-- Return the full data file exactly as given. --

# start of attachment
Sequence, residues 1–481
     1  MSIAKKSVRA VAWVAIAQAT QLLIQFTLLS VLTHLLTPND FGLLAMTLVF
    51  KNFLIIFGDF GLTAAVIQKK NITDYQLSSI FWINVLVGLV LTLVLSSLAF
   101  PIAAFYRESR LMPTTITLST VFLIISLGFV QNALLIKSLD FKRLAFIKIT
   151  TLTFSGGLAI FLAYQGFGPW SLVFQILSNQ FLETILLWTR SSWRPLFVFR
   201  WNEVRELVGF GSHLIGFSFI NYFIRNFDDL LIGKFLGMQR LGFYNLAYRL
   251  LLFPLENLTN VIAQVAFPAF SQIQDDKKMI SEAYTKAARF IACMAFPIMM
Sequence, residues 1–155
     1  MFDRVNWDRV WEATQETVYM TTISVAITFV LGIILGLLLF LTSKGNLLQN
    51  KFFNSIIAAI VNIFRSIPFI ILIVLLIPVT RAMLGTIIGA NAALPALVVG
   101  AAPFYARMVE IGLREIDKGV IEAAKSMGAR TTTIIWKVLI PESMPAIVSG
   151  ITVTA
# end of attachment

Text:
Sequence, residues 1–481
     1  MSIAKKSVRA VAWVAIAQAT QLLIQFTLLS VLTHLLTPND FGLLAMTLVF
    51  KNFLIIFGDF GLTAAVIQKK NITDYQLSSI FWINVLVGLV LTLVLSSLAF
   101  PIAAFYRESR LMPTTITLST VFLIISLGFV QNALLIKSLD FKRLAFIKIT
   151  TLTFSGGLAI FLAYQGFGPW SLVFQILSNQ FLETILLWTR SSWRPLFVFR
   201  WNEVRELVGF GSHLIGFSFI NYFIRNFDDL LIGKFLGMQR LGFYNLAYRL
   251  LLFPLENLTN VIAQVAFPAF SQIQDDKKMI SEAYTKAARF IACMAFPIMM
Sequence, residues 1–155
     1  MFDRVNWDRV WEATQETVYM TTISVAITFV LGIILGLLLF LTSKGNLLQN
    51  KFFNSIIAAI VNIFRSIPFI ILIVLLIPVT RAMLGTIIGA NAALPALVVG
   101  AAPFYARMVE IGLREIDKGV IEAAKSMGAR TTTIIWKVLI PESMPAIVSG
   151  ITVTA